The U.S. Department of Education will enforce prohibitions on anti-LGBTQ+ discrimination in schools that receive federal funding, the department announced Wednesday.
The action is based on the Supreme Court's ruling a year ago in Bostock v. Clayton County that the federal law banning sex discrimination in employment also covers discrimination based on sexual orientation and gender identity. The ruling did not address education, but the department has interpreted it to apply to Title IX of the Education Amendments of 1972, which bans sex discrimination in education. Some courts have interpreted it in that fashion as well.
"The Supreme Court has upheld the right for LGBTQ+ people to live and work without fear of harassment, exclusion, and discrimination -- and our LGBTQ+ students have the same rights and deserve the same protections. I'm proud to have directed the Office for Civil Rights to enforce Title IX to protect all students from all forms of sex discrimination," Secretary of Education Miguel Cardona said in a press release. "Today, the Department makes clear that all students -- including LGBTQ+ students -- deserve the opportunity to learn and thrive in schools that are free from discrimination." There is a limited exemption for schools controlled by religious institutions.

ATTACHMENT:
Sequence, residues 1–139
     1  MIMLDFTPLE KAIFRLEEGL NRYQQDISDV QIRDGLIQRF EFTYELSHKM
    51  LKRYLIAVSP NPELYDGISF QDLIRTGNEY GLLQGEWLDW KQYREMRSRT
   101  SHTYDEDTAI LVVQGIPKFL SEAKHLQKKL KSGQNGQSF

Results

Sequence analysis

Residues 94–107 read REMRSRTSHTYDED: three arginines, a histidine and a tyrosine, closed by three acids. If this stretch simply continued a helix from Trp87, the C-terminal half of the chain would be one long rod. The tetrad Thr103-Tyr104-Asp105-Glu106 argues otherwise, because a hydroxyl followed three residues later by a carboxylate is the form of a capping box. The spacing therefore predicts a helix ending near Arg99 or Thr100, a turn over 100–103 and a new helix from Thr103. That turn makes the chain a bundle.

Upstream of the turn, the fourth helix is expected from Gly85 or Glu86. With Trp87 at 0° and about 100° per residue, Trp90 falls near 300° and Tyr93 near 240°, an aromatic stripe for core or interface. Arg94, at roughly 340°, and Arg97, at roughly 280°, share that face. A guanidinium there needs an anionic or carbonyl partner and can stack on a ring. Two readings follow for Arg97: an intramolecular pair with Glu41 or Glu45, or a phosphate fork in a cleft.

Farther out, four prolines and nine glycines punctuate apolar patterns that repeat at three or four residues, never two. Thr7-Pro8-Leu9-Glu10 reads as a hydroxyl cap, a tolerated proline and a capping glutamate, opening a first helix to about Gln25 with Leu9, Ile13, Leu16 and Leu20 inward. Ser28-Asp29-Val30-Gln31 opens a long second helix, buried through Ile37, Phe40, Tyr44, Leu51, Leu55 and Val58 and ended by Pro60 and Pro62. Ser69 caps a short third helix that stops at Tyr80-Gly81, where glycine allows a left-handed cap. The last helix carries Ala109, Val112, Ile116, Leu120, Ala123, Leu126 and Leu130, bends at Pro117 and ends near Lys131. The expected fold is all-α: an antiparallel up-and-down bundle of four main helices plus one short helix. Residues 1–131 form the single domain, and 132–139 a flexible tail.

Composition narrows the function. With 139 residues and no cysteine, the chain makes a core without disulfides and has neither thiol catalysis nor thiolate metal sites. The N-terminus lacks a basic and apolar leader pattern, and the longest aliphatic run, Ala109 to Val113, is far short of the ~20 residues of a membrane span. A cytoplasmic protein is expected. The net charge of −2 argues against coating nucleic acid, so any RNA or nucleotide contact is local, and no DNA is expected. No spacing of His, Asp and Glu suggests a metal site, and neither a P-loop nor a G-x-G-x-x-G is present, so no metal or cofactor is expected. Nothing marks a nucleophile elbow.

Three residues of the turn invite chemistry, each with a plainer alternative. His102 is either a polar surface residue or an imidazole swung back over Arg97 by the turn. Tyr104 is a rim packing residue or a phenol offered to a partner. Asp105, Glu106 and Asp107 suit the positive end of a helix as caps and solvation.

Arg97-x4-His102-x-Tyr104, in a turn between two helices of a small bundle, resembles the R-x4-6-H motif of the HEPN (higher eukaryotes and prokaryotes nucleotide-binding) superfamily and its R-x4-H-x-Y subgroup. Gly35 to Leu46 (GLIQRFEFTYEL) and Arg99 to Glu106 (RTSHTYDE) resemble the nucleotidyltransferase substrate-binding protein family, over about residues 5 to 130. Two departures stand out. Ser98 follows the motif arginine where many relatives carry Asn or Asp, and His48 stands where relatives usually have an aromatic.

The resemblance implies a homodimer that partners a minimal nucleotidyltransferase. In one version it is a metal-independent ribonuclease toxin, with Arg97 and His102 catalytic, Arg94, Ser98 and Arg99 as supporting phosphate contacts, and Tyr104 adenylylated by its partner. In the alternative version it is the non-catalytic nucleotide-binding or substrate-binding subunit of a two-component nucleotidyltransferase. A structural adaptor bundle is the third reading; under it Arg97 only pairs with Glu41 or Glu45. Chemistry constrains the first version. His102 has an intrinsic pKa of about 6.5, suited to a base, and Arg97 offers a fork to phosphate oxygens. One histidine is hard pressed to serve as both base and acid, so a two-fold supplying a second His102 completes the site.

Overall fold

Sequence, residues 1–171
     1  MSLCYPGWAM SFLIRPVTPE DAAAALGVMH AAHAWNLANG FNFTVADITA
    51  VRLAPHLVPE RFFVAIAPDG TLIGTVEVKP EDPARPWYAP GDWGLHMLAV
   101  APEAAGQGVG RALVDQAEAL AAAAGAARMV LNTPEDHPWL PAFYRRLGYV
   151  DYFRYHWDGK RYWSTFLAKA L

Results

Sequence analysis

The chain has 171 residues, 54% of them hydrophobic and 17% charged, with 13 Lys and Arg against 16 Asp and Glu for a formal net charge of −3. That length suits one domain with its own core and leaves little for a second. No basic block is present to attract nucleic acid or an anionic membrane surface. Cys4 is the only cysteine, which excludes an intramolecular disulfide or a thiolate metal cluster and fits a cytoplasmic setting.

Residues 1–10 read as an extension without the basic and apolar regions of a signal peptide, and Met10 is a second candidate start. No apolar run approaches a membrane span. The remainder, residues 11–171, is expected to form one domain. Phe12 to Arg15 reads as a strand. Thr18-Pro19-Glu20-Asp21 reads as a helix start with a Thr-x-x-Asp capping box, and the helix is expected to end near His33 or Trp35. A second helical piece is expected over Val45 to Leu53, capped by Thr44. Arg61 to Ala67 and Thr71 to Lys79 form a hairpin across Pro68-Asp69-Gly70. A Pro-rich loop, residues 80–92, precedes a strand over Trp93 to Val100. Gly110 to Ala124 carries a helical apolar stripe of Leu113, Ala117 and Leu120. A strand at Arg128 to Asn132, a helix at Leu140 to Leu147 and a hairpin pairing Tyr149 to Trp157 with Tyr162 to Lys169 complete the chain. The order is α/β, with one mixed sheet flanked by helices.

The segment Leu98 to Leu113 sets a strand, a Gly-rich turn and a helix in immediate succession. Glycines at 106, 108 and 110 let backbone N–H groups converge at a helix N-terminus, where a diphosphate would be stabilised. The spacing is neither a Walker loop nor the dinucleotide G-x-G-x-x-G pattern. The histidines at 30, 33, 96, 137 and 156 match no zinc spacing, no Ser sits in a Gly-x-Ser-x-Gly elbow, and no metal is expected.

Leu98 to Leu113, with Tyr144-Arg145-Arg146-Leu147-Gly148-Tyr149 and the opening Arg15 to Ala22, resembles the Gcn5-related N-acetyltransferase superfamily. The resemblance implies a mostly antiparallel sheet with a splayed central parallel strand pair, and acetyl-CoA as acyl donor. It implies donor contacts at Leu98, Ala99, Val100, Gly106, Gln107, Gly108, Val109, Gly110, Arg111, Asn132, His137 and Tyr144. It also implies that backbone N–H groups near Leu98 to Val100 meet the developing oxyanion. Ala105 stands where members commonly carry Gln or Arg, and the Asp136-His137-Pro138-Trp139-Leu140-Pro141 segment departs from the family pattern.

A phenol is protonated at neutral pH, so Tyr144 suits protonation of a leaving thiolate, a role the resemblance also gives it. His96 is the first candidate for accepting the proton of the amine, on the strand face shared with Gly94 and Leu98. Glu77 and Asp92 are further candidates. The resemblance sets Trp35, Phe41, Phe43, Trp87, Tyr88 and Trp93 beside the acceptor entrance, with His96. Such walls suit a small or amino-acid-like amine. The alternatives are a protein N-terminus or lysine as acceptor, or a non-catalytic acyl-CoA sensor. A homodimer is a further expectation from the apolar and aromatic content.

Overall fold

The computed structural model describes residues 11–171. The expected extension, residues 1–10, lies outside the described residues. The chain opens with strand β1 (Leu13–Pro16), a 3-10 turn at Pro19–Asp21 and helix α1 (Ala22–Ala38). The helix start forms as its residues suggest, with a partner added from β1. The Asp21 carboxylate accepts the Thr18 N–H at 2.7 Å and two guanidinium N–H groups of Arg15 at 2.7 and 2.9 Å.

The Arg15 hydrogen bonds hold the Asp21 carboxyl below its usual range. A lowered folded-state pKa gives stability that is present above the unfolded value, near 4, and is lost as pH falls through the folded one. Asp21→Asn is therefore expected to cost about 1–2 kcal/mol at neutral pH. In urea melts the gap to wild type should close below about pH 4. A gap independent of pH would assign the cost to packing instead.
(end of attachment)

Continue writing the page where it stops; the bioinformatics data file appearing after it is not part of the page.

While neither the press release nor the accompanying Notice of Interpretation spells it out, the move is likely to make clear that transgender students are entitled to access to the restrooms and changing rooms of their choice and to be referred to by their preferred names and pronouns. Under President Barack Obama, the Education Department took this stance, but under Donald Trump, it revoked those inclusive guidelines. Since President Joe Biden took office, he has been outspoken in support of LGBTQ+ rights.
It's less clear what the impact will be on states that are passing laws to bar transgender students, especially female ones, from participating on sports under their gender identity. Several states have adopted such laws, mostly in the South, while others are considering them.
"Some schools, especially in the states where there is legislation, will simply ignore what the federal government says," R. Shep Melnick, a politics professor at Boston College and the author of The Transformation of Title IX: Regulating Gender Equality in Education, told The New York Times. "And then it becomes a question of whether the federal government wants to take enforcement action, which I think they may be somewhat reluctant to do."
However, Cardona advised schools to be proactive in fighting discrimination. They should "not wait for complaints to come to address these issues," he told the Times. He added, "The reality is each case has to be investigated individually."